Hunting rifle, without a stable platform.





(Bolt action cannot rapid fire)

Hunting rifle, with stable platform.
Assumes you're using a tripod, bipod, or other stable platform.




(Obviously, you can’t be moving if you have a braced weapon.)


(Bolt action cannot rapid fire)

Military grade sniper rifle, without a stable platform.

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Really illegal.

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(Bolt action cannot rapid fire)

Military grade sniper rifle, with a stable platform.

Assumes you're using a tripod, bipod, or other stable platform.

<o:p> </o:p>

Really illegal.




(Obviously, you can’t be moving if you have a braced weapon.)


(Bolt action cannot rapid fire)

Rocket launchers

(Don’t make us beat you.)





Range definitions

  • Extreme range: This is the maximum practical range of the gun and assumes that the shooter is in an ideal shooting stance/position and has ample time (at least 1-2 combat rounds (roughly 10-15 seconds) to aim without distraction, interruption, or any other activities. Silver bullets, because of their inherent innacuracy due to the manufacturing process, can never be used at extreme ranges.
  • Normal range: This is the maximum range at which you can expect to hit a target when in not-entirely-optimal conditions and not having the time to aim as much as you'd like to. Your PC is not moving, being jostled, physically attacked, or shot at and hit. Repeat shots in the same round are at the "subsequent shot" range until aiming takes place again. To continue shooting in the "normal range" catagory, you need to aim one round, shoot the next, and then start aiming again in the third round. Shoot again in the fourth. And so on and so forth.
  • Heat of the moment single shot range: Probably the most common combat situation on the MUSH. You're moving, dodging, getting shot or attacked by something, and attempting to shoot back, or just plain need to shoot fast if you're going to hit a target (in the case of people with long-range weapons that haven't been shot/distracted). Aiming pretty much involves a reflexive point-and-shoot, often at the thing that just shot you, hit you or is about to chew on you in half a second. (In the case of long range weapons, at the thing that just briefly popped into view and you need to take a shot fast.) The major benefit of long range weapons (i.e., "long range") is pretty much negated if you're in close-quarters combat without a braced and steadied weapon, though the big rifles/shotguns that pack a whallop still pack a whallop at close range if they connect.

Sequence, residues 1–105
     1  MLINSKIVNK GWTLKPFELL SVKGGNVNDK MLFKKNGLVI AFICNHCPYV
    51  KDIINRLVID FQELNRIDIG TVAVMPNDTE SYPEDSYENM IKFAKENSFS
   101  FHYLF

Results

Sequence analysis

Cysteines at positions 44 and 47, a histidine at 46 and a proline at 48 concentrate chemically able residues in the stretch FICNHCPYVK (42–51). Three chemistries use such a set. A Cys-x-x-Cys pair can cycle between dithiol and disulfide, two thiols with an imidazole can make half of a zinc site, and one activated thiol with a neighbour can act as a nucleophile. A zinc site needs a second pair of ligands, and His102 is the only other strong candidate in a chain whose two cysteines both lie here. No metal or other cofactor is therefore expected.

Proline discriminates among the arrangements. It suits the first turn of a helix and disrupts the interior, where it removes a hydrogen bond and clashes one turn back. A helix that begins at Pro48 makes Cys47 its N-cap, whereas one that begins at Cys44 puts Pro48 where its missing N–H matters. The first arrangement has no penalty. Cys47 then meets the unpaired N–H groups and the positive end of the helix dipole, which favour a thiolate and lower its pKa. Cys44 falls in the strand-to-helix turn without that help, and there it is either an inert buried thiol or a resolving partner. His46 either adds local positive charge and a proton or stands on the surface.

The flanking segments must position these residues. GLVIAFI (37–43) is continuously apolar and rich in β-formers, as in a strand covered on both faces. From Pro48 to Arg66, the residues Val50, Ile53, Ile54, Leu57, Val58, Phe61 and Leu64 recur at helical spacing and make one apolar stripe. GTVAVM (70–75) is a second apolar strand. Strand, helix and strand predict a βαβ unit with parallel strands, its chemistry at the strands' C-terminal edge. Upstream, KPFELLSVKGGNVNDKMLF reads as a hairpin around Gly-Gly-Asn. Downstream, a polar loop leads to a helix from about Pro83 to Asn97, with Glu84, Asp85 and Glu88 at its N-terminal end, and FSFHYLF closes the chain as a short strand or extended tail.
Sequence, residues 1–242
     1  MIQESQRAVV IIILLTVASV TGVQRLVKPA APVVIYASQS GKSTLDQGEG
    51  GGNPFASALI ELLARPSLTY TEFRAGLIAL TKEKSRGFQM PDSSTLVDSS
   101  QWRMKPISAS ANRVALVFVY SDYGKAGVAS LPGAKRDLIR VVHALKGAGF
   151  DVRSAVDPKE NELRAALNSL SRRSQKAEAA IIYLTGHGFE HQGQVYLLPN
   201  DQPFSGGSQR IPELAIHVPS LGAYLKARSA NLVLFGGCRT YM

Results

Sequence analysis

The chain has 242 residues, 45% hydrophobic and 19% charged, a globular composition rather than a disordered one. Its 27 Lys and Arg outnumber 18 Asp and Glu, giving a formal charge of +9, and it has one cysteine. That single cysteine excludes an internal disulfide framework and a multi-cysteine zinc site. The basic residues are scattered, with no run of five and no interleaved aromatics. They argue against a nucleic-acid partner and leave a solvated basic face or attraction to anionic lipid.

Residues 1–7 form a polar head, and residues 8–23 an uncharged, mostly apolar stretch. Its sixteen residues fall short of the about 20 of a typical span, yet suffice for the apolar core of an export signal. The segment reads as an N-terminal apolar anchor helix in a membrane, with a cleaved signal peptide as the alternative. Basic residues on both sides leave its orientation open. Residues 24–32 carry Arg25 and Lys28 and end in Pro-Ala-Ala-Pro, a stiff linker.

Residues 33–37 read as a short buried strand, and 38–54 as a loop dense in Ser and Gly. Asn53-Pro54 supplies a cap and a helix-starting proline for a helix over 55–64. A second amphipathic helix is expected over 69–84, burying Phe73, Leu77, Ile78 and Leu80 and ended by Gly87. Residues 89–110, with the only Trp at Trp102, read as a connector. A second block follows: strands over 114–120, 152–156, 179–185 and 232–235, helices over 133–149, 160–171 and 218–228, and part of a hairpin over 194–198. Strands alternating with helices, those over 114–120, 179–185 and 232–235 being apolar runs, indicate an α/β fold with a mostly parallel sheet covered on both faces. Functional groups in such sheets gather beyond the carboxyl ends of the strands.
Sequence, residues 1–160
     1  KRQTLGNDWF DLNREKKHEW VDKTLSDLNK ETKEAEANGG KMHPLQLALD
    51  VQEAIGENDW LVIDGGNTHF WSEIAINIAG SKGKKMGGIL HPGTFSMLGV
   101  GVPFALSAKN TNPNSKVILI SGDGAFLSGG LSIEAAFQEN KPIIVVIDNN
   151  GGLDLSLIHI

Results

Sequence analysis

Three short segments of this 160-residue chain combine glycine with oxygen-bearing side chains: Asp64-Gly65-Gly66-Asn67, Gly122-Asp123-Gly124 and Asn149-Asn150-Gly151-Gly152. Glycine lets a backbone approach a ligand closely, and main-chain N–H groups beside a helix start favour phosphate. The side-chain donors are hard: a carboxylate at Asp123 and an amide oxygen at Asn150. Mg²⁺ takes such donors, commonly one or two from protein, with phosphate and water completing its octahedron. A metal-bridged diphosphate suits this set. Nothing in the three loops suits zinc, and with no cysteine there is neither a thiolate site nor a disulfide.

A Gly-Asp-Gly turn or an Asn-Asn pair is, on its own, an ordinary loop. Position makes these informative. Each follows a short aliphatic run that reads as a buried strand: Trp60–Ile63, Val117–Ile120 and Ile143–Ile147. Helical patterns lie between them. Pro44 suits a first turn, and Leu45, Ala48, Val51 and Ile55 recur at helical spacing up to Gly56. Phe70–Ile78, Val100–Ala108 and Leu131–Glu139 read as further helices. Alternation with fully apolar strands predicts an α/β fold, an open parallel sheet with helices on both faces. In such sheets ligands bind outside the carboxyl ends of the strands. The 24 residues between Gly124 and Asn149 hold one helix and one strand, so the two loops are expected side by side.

• Multiple shots: You shot once already this combat round but still feel the pressing urge to shoot again, or you have a weapon that is capable of either 3-round burst or full auto fire. Welcome to the wonderful world of recoil-induced inaccuracy! Only semi-automatic weapons can fire multiple times in a round. Bolt action (many rifles) and pump action weapons (many shotguns) can only fire once per round unless rage is used to get an extra action. And then only one extra shot can be taken without potentially jamming the weapon. If your target is at very close range, you can probably land a second or maybe even a third shot. People who are experienced with fully automatic weapons use a three-round burst rather than full auto as the recoil after a third shot typically ruins the chances of hitting anything that doesn't have the gun barrel firmly planted in its chest. (The US Army changed the standard-issue M-16 assault rifle from full auto to burst fire because of the wild inaccuracy of full-auto that ate through ammunition, didn't kill hostiles, and left soldiers without ammunition to defend themselves.)

<h3Dual Weapons</h3< Some folks like putting out lots of lead, generally with little in the way of accuracy. If that's your thing, get a pistol in each hand and enjoy! The first shot fired from a PC's dominant hand uses whatever range is appropriate. (You cannot use the Extreme Range for that weapon, ideal conditions involve both hands steadying a weapon.) All subsequent shots from either pistol use the subsequent shot classification and your shots are less likely to hit because you are basically dividing your dice pool for these extra bullets. It does make for an impressive, albeit wildly inaccurate, display, though.